Why doesn’t Jean-Yves Bordier churn his own butter?
As in the 19th century, kneading the butter at room temperature (after churning) is for Jean-Yves Bordier a profession unto itself. Over the course of the history of butter, the manufacturing always took place in several phases:
- Milk production
- Butter production: collecting the milk, skimming, and churning
- Butter transformation: kneading the butter in the open air
Jean-Yves Bordier today is the sole butter master in France to perpetuate this unique skill: kneading the butter.
What’s more, Jean-Yves Bordier has totally mastered his raw material – a great quality butter, churned in a nearby creamery, and taken from the milks, nearly all organic or from rational agriculture, that he chooses according to his specifications.
Why does Jean-Yves Bordier use butter made from pasteurized cream?
Jean-Yves Bordier uses pasteurized cream to avoid any risk of bacteria that could be present in raw butter. Thanks to the kneading process, the taste of Bordier butter, even if it is pasteurized, has a great aromatic complexity that changes according to the seasons and the cows’ food. The kneading process enables the taste to develop and express itself thanks to the oxygenation of the butter in the kneader. “Butter is nature’s blotting paper.”
If Jean-Yves Bordier’s butter is organic, why doesn’t it have an organic label?
Each artisan makes his technical choices in his conscience with one goal in mind: manufacture the best. The maximum use of organic milk or that from rational agriculture is an obvious choice for Jean-Yves Bordier, who always wants to work with high quality ingredients, both in their production (according to his specs) as in their taste, which is not always the same. “We should be labeling all the products that contain pesticides and chemical products! It’s really a shame today that we have to have a label to state that we do our jobs well.” Jean-Yves Bordier preaches for the human qualities in ingredients, and for an end to “hygienists trying to outdo each other.”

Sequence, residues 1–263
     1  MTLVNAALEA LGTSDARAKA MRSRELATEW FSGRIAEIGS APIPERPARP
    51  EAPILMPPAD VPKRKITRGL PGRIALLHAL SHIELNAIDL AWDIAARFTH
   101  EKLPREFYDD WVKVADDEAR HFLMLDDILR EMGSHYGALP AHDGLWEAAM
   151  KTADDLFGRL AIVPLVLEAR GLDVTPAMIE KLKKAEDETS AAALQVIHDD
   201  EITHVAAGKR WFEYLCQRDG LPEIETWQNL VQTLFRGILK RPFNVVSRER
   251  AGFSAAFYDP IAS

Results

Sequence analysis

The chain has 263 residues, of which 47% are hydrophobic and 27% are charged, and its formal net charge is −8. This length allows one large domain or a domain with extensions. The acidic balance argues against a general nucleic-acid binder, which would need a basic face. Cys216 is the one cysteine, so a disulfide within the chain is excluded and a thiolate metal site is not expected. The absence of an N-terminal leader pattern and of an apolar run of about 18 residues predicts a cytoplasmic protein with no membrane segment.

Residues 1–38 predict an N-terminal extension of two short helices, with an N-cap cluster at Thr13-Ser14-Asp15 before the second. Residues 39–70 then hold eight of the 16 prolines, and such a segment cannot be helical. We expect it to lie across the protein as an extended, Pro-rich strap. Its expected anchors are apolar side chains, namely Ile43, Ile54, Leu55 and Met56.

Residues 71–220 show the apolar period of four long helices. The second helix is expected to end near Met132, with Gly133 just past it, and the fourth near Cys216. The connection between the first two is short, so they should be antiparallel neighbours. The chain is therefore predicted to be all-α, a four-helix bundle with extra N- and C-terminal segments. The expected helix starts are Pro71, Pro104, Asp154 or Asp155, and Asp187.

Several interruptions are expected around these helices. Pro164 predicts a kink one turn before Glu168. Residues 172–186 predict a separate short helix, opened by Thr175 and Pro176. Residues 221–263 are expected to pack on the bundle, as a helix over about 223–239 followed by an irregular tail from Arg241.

Why don’t we offer guided tours of our workshops to individual visitors?
Unfortunately, our workshop is not open to the public for reasons linked to hygiene and safety, rules by which we must abide.
On the other hand, we can recommend visiting one of our shops where you will be able to talk to our teams if you wish, as well as see how semi-salted butter is kneaded.
In fact, at the Maison du Beurre in the old walled city of St. Malo, you will find a space dedicated to the history of butter, as well as how butter is shaped into packs.
We also have a restaurant, Autour du Beurre in the rue de l’Orme, whose menu is centered on our products. If you are in the area, please feel free to stop by.